Thursday, 26 December 2013

Window improvements

Here is an example of how even a very small detail makes a difference. I have studied images of architectural features of functionalism such as the shape of windows. Plain square windows don't look natural (I realised it when I put in windows in my modern house). Remarkably, it was just enough to put in a partition.

Sunday, 22 December 2013

Funkis bathroom, part 2

My initial intention was to put in a wall with a door in the bathroom. As I was considering how best to do it I realised that I was planning to re-introduce the famous fourth wall, which makes it possible to look into the miniature world. Was I going to seal off the room, especially when I was so proud with my renovation work, including the details?

I am not quite happy with the toilet seat and will probably make a better one. The toilet paper holder comes from an ebay lot, but I have borrowed my own idea for a towel rack from a different project. It is a cooking-oil bottle cap. The rubbish bin is a paint container, and the toilet brush is a makeup brush. The shelf is recycled from another project. Anyway, I really like this room and don't want to hide it behind a wall.

This is a trial, but I have decided to have a door frame without a wall. It is bluetacked so far, not very neat.

Use your imagination and see the non-existant wall. The people of the house can use the bathroom without being disturbed. After all, I don't have fourth walls in my other bathrooms. The frame is a left-over from another project, and there is no door to come with it. I made a door to fit the frame with the same technique I used in the Georgian house.

What bothers me now is that you cannot see my pretty towel rack. And I am not sure this works. Maybe you can imagine both the wall and the door? What do you think?

By the way, for lighting I used a led spot of the same kind I used for my Dutch roombox. I just fixed it with bluetack to take pictures, but actually I think I may leave it there. It gives a nice, strong, but aoft light, filtered through baking paper. A dollhouse led light would be far too dim.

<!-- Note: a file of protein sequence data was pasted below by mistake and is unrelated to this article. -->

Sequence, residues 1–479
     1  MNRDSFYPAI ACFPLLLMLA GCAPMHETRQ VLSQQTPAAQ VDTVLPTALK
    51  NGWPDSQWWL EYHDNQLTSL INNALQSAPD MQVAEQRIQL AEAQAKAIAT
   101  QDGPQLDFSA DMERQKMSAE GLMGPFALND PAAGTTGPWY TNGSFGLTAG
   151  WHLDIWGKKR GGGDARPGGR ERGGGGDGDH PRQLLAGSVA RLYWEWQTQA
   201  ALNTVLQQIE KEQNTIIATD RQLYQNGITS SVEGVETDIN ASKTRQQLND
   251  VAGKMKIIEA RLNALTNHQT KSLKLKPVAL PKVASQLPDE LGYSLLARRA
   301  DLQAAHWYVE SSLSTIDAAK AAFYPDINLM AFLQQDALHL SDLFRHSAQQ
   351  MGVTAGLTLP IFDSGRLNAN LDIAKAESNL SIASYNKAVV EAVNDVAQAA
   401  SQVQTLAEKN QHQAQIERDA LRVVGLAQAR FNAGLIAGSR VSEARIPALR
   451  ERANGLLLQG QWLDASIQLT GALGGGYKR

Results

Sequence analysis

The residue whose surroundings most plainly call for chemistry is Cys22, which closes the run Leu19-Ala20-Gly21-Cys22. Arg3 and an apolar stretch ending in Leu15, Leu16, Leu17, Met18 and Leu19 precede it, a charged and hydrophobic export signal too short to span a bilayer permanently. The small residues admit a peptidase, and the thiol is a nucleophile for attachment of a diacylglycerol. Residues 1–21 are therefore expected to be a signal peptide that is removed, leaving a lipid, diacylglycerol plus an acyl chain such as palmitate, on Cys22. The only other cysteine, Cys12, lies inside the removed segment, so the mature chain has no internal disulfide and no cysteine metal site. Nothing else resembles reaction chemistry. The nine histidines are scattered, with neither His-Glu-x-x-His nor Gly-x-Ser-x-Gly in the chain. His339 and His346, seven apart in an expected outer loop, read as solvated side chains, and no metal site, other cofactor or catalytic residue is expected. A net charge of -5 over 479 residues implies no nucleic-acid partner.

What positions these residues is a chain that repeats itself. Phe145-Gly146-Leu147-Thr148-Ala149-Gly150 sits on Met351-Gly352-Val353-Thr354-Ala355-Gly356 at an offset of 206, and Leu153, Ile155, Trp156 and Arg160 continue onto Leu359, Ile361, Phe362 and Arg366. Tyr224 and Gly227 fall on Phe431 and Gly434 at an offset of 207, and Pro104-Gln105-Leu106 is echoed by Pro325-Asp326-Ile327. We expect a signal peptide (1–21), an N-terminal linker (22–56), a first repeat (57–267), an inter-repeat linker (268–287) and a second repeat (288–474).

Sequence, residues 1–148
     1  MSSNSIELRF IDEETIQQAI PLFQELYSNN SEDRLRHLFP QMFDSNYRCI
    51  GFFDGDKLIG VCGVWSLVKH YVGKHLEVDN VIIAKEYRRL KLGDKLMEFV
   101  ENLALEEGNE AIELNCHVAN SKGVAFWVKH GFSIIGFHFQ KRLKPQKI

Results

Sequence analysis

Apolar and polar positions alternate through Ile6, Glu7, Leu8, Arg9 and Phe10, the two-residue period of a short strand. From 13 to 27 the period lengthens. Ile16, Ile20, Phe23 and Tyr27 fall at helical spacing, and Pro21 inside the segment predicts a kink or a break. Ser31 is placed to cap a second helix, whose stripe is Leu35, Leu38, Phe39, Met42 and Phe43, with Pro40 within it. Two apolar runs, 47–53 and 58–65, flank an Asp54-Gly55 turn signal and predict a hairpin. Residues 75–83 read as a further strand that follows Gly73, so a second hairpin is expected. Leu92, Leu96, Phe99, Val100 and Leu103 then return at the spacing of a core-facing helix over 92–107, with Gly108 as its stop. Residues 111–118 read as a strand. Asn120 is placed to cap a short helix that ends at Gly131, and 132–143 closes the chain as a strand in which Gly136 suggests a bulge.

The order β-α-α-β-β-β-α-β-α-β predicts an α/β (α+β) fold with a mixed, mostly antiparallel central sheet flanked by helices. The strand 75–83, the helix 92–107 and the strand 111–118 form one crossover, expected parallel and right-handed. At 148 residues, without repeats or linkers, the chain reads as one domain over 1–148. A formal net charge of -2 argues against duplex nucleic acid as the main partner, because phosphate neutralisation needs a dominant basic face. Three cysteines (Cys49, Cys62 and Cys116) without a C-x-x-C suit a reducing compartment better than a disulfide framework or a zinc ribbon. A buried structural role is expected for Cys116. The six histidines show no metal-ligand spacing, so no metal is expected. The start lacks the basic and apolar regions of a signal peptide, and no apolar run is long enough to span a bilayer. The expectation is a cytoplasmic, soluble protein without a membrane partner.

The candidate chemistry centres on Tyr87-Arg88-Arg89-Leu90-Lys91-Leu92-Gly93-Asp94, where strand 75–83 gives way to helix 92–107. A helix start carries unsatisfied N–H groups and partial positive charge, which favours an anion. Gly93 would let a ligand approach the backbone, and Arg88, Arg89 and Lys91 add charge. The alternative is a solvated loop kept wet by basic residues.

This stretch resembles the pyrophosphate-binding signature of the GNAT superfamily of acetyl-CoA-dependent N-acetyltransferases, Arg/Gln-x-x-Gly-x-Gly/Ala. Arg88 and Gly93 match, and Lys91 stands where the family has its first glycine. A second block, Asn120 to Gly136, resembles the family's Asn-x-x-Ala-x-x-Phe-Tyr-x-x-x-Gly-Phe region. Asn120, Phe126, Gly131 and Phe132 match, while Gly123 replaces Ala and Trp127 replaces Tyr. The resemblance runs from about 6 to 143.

Thursday, 19 December 2013

Funkis bathroom

For some reason, I started the renovation of the funkis house with the bathroom. In fact, the ground floor of the house will be a shop. The yarn shop. It will fit in perfectly. And the little space by the stairs will be a bathroom, for the customers and the shop owner. It could be a pentry or a storeroom, but I just felt it had to be a bathroom, and after all, it's my project, and I can do whatever I want.

I chose tile wallpaper from my favourite printie site, and I photocopied black-and-white chequered floor that I had used for Helen Hall that is now gone, so it's ok to use the same pattern. After Helen Hall where I could easily dismantle the walls and put in wallpaper before I assembled them again, here I had to work in awkward spaces. But I am very pleased with the result. The toilet and the washbasin are from ebay (cheap, for the toilet seat and one tap are missing), and the mirror is from a Barbie house and had been used elsewhere all this time.

Of course I must put in a wall and a door (with a sign), and of course there will be more details: a towel rack, a shelf, a potted plant. So please come back soon.

Funkis house

A couple of weeks ago I found a very lonely dollhouse at a flea market. Alhtough it had obvioulsy been newly painted on the outside, it looked neglected on the inside. It begged to come to me and be converted into something stunning.